I skipped the Tableau conference last year as it was taking place in Vegas, and that is usually not a good experience, even without crowd shooters. I was happy to partake again this year to TC18, which took place in New Orleans.
The conference was well attended with 17,000 attendees, yet it never felt overcrowded like it does when in Vegas. The trade-off is that the NOLA Convention Center requires a lot of walking: I clocked 9 to 10 miles a day of walking. It gets a bit frustrating to walk from one end to the other end of the venue to attend a session, arrive on time and see it is already full, which happened to me a couple of times when the topic was APIs…
In my opinion, those APIs were elements of one of the two overarching themes of the Conference: Tableau is opening up for real and Tableau Prep is out of Beta. Both those themes reveal how pragmatic Tableau has become lately. For years, they were dismissing those customers needs and requests from the community: nah, Tableau does not need to open up, it is good as it is, and i f you need something else, you don’t understand visual analytics. Nah, Tableau does not need data to be prepped, and Alteryx success is such an epiphenomenon which has nothing to do with us. But eventually, witnessing the rise of usage of the web connector, and the IPO of Alteryx, they started seeing the light and responded. And I welcome that change!
Tableau is really opening up
Take a look at the 439 sessions that took place during the conference, remove the enablement and Tableau in action tracks, you get down to 311 session, and I count 19 of them devoted to API or extensions. A big emphasis you put on this slide which demonstrates the efforts:
The real stars were the Extensions API, available since summer 2018 and growing in maturity. The extension gallery counts 23 extensions as of today, and a majority is exciting because they functionalities feel like they should be part of the core product:
- Export All which enable a clean data export from a dashboard, is the second most used extension,from what I heard.
- Button Filter lets you position buttons on the dashboard to combine several filter values. It is a functionality I have been dreaming of, instead of having to duplicate dashboards.
- Show me More, the most used, FINALLY adds an easy to put together Sankey Diagram!
- DataRobot lets you easily insert machine learning capabilities into your dashboards! This is only their first version which describes your data set. Soon enough, a What If extension for sensitivity analysis is coming, and probably way more under way. Sensitivity analysis could be an important component that will help to play a part in the financial future of a business or project, and places like Synario, (https://www.synario.com/features/sensitivity-analysis) are already making great advances in this area. If it allows people to put a plan in place for their future, then surely this will be of great benefit to a lot of people? If you ask me, this is a game-changer to commoditize Machine Learning models use for the non data scientists among us..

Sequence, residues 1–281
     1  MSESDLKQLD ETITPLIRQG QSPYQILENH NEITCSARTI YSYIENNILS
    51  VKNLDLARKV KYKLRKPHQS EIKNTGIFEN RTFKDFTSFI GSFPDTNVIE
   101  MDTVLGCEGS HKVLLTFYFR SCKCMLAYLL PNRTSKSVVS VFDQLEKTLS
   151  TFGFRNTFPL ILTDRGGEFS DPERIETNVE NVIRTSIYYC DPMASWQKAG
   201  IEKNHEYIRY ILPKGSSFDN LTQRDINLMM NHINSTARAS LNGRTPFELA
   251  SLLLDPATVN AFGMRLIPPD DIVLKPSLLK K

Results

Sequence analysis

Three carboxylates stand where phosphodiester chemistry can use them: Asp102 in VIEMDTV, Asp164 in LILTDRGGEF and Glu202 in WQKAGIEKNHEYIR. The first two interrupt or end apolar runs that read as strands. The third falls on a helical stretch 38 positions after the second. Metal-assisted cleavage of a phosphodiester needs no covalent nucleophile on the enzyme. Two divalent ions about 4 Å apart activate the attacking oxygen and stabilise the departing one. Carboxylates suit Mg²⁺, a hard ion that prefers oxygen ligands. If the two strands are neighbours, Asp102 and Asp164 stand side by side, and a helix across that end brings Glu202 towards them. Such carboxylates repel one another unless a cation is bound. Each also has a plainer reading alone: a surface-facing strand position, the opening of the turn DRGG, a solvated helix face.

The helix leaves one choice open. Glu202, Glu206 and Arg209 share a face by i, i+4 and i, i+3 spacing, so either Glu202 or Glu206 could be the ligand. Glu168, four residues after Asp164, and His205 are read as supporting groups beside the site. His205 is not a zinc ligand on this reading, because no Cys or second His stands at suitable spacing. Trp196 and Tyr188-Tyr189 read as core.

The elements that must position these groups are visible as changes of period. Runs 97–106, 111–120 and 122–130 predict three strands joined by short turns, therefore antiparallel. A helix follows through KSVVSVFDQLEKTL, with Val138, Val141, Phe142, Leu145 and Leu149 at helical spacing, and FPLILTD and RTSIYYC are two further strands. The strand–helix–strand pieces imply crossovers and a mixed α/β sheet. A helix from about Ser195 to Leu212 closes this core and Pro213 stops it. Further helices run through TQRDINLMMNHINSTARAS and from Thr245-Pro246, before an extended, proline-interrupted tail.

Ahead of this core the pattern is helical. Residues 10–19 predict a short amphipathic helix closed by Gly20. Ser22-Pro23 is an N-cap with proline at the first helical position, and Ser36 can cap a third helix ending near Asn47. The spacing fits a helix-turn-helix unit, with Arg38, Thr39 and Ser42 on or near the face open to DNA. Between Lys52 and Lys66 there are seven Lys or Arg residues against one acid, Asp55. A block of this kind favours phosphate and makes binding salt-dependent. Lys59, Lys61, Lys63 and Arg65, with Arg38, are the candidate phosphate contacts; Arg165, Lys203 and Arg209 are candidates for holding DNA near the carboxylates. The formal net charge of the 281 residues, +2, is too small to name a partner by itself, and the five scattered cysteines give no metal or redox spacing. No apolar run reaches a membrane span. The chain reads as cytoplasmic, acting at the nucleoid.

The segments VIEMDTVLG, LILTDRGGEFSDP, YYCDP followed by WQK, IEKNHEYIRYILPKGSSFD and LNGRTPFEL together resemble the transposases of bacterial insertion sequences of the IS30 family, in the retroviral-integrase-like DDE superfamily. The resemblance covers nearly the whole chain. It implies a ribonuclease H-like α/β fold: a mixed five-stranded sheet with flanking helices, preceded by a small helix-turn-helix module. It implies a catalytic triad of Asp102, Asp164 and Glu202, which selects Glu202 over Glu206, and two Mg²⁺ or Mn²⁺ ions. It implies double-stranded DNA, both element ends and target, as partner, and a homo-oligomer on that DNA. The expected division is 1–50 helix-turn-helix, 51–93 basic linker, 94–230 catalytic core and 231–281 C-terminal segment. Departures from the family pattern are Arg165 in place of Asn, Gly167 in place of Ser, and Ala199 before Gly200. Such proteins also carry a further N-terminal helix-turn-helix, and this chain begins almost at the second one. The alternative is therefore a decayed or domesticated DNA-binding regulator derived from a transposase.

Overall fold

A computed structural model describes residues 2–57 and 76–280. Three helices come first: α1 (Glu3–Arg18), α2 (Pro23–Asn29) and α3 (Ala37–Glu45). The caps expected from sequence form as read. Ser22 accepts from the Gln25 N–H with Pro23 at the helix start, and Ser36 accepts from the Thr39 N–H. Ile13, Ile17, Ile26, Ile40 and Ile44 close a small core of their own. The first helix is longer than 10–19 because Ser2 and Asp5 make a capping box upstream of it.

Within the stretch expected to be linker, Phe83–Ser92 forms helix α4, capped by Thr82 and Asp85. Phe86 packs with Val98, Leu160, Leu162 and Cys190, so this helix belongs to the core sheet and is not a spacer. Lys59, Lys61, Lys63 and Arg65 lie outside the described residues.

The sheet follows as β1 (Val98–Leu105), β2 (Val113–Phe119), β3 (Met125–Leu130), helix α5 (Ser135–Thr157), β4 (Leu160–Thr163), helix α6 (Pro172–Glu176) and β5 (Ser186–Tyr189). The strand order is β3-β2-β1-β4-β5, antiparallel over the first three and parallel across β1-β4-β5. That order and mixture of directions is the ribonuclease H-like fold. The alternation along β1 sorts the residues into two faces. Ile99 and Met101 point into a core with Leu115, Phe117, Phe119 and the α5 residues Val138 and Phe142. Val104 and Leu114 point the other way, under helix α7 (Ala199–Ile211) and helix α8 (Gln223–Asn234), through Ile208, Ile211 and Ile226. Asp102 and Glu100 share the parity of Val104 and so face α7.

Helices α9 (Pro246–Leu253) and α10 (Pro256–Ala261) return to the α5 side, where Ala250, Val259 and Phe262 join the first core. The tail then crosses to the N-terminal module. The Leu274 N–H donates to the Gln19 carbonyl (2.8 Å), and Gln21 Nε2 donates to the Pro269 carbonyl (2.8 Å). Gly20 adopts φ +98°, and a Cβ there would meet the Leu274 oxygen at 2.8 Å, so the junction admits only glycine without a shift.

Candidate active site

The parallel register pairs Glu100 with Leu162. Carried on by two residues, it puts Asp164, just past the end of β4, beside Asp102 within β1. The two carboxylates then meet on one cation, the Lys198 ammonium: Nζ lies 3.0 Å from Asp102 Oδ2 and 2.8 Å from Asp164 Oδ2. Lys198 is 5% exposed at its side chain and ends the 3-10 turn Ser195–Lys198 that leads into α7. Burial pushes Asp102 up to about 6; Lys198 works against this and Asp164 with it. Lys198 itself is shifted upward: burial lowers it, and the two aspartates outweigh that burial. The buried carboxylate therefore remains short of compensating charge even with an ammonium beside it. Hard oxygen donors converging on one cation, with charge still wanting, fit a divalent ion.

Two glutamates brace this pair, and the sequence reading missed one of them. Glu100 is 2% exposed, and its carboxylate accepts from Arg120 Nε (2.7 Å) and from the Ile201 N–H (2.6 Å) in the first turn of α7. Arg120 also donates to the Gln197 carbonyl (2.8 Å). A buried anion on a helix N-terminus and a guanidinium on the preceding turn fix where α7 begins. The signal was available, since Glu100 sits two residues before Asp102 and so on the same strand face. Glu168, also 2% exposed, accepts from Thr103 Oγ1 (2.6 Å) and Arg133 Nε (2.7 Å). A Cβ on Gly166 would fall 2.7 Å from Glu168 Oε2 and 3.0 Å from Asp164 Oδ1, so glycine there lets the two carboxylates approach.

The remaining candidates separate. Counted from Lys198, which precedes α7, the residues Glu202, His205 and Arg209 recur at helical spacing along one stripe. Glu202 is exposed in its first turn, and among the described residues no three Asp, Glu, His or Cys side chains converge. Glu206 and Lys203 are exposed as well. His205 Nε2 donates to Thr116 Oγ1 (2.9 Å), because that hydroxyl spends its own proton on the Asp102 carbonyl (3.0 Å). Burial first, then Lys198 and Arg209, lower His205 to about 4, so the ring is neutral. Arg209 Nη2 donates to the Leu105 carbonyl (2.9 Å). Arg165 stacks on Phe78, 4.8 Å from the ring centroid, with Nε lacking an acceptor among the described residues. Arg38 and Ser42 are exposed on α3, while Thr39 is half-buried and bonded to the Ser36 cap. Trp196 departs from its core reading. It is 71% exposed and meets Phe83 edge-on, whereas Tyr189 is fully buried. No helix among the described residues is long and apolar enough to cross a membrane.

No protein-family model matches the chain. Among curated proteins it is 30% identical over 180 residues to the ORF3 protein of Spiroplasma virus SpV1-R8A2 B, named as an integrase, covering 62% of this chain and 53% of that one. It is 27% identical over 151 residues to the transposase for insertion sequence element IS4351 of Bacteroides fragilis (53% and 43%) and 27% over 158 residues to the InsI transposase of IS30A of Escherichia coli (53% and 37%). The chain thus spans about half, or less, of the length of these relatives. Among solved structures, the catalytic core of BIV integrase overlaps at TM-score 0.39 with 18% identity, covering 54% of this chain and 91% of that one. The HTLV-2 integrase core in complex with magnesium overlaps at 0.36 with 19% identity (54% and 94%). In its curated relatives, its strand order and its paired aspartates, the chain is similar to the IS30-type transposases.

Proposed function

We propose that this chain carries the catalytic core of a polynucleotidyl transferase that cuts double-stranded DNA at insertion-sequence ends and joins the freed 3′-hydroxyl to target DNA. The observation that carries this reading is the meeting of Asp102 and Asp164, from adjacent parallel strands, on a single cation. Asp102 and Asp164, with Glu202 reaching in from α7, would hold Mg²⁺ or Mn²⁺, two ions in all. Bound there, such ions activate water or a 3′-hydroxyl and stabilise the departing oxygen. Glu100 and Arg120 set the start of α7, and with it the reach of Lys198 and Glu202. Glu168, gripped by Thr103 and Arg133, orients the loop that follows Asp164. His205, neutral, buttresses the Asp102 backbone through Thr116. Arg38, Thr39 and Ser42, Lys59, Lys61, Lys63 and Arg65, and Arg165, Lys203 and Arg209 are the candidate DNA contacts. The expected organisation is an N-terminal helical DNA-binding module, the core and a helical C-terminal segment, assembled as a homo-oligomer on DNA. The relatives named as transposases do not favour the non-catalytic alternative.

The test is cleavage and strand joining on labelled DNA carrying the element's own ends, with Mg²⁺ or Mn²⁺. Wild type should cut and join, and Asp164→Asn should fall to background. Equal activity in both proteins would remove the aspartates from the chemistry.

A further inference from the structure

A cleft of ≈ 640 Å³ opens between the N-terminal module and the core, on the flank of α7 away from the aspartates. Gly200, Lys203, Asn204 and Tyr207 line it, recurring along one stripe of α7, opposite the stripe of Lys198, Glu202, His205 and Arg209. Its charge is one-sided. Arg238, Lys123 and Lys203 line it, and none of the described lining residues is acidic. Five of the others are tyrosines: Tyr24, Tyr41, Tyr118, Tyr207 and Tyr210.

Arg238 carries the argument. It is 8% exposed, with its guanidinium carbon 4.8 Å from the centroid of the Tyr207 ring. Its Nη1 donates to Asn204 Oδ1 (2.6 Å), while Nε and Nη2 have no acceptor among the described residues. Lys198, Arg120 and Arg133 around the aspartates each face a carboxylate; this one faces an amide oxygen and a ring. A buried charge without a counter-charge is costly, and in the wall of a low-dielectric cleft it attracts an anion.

- Write Back is also a very interesting approach, which lets users input data into the Tableau data source. It alone moves Tableau closer to tools like Anaplan, which can capture input from a large set of users, during a FP&A planning exercise for instance. Finance users still stuck in Excel should love that!
So what’s not to love, you might ask? I have the distinct feeling that Tableau has cut corners on their rush to deliver extensions, with regards to security. There are some security disclaimers when you activate an extension, and all extensions can be disabled from running on the Tableau server by an admin setting. That led me to ask presenters about the existence of a security scrub process by Tableau, before publication of the extension on their gallery. They painfully admitted there was no such process. It is therefore technically possible to sneak in some rogue code to siphon the data you publish in Tableau, and they will take no responsibility for it whatsoever. Hands washed… I find that appalling, as this will slow down the adoption of the extensions tremendously… As it is, I just cannot recommend their use to my customers, I would not want that liability… And I am not the only one:
I subscribe whole heartily with Paul’s concerns… Apple is doing it for thousands of IOS Apps, why can’t Tableau do it for a handful of extensions? At least a subset could be stamped by Tableau as secure… I happen to have higher expectations from Tableau, and am still surprised by that miss… It is not like Data Security and Privacy are not top of mind these days…
Tableau Prep is getting ready for prime time
I wrote recently that Tableau Prep was an interesting research product, but unusable as it was released as a V1. One of the glaring misses was the lack of a scheduler to rerun flows in an operation environment. Well, I am happy to announce that my voice, along with many many others, was heard! Tableau announced Tableau Prep Conductor, a server module, still in beta (!), which will make it as easy to schedule a flow than it is today to post a viz on a server! They took their time, but it looks really good, and should give Alteryx a run for their money with their sorry Server/Gallery, way overdue for a makeover… But before that happens, Tableau needs to communicate the pricing for Conductor. I want to believe that it will be reasonable, at least at the beginning, to increase adoption. They floated on stage the figure of 10,000 Tableau accounts using Prep, which is pretty small out of the total 80,000 accounts mentioned in other circumstances. Especially since I am pretty sure that among those 10,000, there must be a majority of them who downloaded, kicked the tires since it’s free, and moved on pretty quickly.